The Need for Federal Reciprocity for Medical Marijuana Card Holders

One of the things that we’re going to continually discuss on Rolld is the steps that the federal government should take to make things more consistent for medical marijuana patients, as well as answer a lot of the gray area questions that medical card holders often run into.

As we know, most if not all cannabis acquisition legislation is done at the state level. Licenses for growers, distributors, and dispensaries are all typically issued by the state. The same goes with the actual rules regarding the issuing of medicinal marijuana cards. Some states have different restrictions on who qualifies for medical marijuana treatment and because of that, a card issued by a doctor in one state may not be valid in another. This leads us to question what the hell even is reciprocity? How can the federal government issue reciprocity at the federal level to achieve a more cohesive way for cannabis patients to get the care that they need?

What is Reciprocity?

The concept of reciprocity simply means that your privileges issued in one place (in this case your medical card in your home state) carry to other places with similar laws. This would mean someone with a medical card from Maryland could get medicinal product in Arizona, or someone with a Michigan card could get medical product in Nevada.

The other aspect of reciprocity that is important is that some states with recreational laws in place still will not take an out-of-state medical card since it was not prescribed as part of that state’s program. I was on a trip to California and my Washington, D.C. card would not carry there. Thus, I was limited to the recreational product menu, as well as the gram/limit amounts that recreational states have in place.

Typically, those amounts are half or significantly lower than what medical patients are allowed to have. Further, many states limit the THC content amount on edibles for recreational use. In Las Vegas for example, max dose I could find for edibles was 100mg while the medicinal menu had 500mg chocolate bars and more.

Is Medical Marijuana Card Reciprocity Necessary?

Some might be thinking, what’s the big deal? I can just get my flower and carts in my home state and travel to where I am going. Or, I don’t purchase my medicine in any other state, how does this relate to me? Or even, who the hell needs a 500mg edible? That would put me in a stupor I would never wake up from.

There are a couple major issues with how things are currently setup. First and foremost, it’s not legal to carry over the state lines in which you purchased your funk. If you are a medical card holder in D.C. and bring your stuff to West Virginia, you may find yourself sharing a jail cell with Jim Bob or some dude with two first names who’s married to his cousin. Second, for medical card holders and patients who travel frequently for their job, family, or just because they want to face a major hurdle of where to get their medicine when they get to their destination.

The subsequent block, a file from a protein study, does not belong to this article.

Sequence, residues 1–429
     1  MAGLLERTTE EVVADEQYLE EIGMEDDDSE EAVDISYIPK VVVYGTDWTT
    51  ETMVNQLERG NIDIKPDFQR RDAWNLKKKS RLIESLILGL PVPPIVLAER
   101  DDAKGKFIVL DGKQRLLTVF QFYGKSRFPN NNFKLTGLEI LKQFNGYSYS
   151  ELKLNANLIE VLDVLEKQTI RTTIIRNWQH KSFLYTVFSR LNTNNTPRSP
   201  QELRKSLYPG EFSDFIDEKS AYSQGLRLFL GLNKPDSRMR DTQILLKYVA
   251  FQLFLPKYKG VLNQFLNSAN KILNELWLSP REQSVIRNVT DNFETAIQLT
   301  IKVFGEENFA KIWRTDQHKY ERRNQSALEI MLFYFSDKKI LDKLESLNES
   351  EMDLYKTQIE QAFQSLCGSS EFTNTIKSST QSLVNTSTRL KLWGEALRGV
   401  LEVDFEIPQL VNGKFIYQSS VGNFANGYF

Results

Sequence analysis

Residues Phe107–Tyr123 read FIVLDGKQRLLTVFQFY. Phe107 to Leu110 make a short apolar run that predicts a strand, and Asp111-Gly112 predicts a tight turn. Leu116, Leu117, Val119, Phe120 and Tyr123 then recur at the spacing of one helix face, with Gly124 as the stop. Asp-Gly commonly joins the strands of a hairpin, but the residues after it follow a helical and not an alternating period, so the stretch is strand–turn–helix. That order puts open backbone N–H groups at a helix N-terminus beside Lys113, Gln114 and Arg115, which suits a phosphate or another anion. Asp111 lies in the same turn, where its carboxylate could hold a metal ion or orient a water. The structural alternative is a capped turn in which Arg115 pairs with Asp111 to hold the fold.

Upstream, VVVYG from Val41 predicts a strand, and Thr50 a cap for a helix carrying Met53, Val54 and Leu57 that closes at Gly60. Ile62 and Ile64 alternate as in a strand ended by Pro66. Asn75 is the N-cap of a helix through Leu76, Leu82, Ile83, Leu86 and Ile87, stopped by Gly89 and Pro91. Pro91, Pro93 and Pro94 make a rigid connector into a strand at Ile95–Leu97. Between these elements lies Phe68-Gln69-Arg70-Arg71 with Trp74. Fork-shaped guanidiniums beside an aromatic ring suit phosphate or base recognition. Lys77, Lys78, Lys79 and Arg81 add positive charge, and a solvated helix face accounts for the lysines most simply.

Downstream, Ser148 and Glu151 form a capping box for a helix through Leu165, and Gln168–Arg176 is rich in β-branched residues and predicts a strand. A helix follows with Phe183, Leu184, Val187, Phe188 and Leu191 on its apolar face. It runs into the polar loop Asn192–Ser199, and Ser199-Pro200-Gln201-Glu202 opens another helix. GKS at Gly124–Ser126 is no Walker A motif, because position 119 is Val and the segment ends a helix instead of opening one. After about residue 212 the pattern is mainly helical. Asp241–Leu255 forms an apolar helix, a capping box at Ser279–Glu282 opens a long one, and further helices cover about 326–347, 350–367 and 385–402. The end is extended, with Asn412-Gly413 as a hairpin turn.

This leads to that sketchy gray area no one wants to talk about. Patients are left with hitting the underground scene like back in the old days, trying to buy mediocre flower from a random dude in a Mexican restaurant in Miami. Everyone cringes at the sketch factor and for patients who already have incredibly high anxiety at times, this experience is an absolute nightmare. Not to mention the products are most likely not lab tested and there’s no way of confidently knowing what’s in the product. The other option is to bring that shit with you and risk it through security. As discussed above, this is a huge risk and we don’t recommend this, but what other options are out there to patients?

The Federal Government Should Step In

The federal government could and should put into effect reciprocity for medical card holders across the United States. This is an easy first step that they can make to truly take care of the patients they are typically advocating against. It will reduce the number of underground transactions that occur and the potential issues that come with it, along with giving patients the peace of mind they need when traveling outside of their home state. Understandably, some states will push back and will not allow this type of sweeping measure to occur, especially considering the amount of power the states hold as it pertains to cannabis regulation. Some states, particularly those with recreational laws in place already, should be more amicable to a measure such as this and having the framework in place for more sweeping legislation down the line is never a bad thing, especially as public opinion changes.

In addition, the Federal Government could have some say in a more uniform standard of care that should be given to people pursuing or thinking about pursuing a medical marijuana card. This would provide some guidance on new states prescribing medical cards, as well as give providers a clearer idea of expectations and guidelines for issuing medicinal cards. Below is a list of states that currently provide medical marijuana card reciprocity:

  • Arkansas
  • Maine
  • Michigan (up to the dispensary)
  • Missouri
  • Montana
  • Nevada
  • New Hampshire *if matching qualifying conditions
  • New Jersey
  • Oklahoma
  • Puerto Rico
  • Utah *if matching qualifying condition
  • Washington, DC

For more information and a very well written article surrounding the specific rules and regulations visit: Keep in mind these laws are always changing as new legislation is passed.

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